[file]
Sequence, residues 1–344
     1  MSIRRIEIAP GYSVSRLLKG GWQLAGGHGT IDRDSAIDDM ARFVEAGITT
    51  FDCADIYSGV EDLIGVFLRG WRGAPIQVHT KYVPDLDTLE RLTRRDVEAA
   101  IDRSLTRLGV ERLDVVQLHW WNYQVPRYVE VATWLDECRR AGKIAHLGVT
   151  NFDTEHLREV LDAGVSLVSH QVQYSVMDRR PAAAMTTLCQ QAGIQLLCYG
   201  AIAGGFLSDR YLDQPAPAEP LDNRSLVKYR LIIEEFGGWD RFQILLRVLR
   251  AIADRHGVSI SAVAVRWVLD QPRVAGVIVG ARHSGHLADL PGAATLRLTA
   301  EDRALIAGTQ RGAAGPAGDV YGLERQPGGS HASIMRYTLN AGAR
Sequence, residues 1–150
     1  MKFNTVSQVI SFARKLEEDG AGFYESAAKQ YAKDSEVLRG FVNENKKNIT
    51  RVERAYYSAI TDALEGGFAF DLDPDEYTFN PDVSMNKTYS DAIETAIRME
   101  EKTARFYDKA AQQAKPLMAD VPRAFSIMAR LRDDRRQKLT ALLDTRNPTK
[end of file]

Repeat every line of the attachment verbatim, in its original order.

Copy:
Sequence, residues 1–344
     1  MSIRRIEIAP GYSVSRLLKG GWQLAGGHGT IDRDSAIDDM ARFVEAGITT
    51  FDCADIYSGV EDLIGVFLRG WRGAPIQVHT KYVPDLDTLE RLTRRDVEAA
   101  IDRSLTRLGV ERLDVVQLHW WNYQVPRYVE VATWLDECRR AGKIAHLGVT
   151  NFDTEHLREV LDAGVSLVSH QVQYSVMDRR PAAAMTTLCQ QAGIQLLCYG
   201  AIAGGFLSDR YLDQPAPAEP LDNRSLVKYR LIIEEFGGWD RFQILLRVLR
   251  AIADRHGVSI SAVAVRWVLD QPRVAGVIVG ARHSGHLADL PGAATLRLTA
   301  EDRALIAGTQ RGAAGPAGDV YGLERQPGGS HASIMRYTLN AGAR
Sequence, residues 1–150
     1  MKFNTVSQVI SFARKLEEDG AGFYESAAKQ YAKDSEVLRG FVNENKKNIT
    51  RVERAYYSAI TDALEGGFAF DLDPDEYTFN PDVSMNKTYS DAIETAIRME
   101  EKTARFYDKA AQQAKPLMAD VPRAFSIMAR LRDDRRQKLT ALLDTRNPTK